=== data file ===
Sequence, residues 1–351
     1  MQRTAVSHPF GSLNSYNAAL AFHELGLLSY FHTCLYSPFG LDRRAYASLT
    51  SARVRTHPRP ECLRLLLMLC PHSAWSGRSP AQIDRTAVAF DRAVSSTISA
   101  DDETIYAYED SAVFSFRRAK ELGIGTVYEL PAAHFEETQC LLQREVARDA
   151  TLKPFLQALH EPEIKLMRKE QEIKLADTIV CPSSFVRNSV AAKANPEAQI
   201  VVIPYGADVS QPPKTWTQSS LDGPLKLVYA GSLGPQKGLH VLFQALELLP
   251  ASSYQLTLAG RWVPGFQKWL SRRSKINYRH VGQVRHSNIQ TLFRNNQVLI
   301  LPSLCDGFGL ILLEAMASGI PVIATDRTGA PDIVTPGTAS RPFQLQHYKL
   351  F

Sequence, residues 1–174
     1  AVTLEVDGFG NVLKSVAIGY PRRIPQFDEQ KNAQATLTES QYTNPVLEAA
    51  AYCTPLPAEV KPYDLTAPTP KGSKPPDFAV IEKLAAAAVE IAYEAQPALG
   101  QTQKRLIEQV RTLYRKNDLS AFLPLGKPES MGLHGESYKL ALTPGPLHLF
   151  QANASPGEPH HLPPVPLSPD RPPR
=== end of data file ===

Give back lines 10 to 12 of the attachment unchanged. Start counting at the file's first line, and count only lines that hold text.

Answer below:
Sequence, residues 1–174
     1  AVTLEVDGFG NVLKSVAIGY PRRIPQFDEQ KNAQATLTES QYTNPVLEAA
    51  AYCTPLPAEV KPYDLTAPTP KGSKPPDFAV IEKLAAAAVE IAYEAQPALG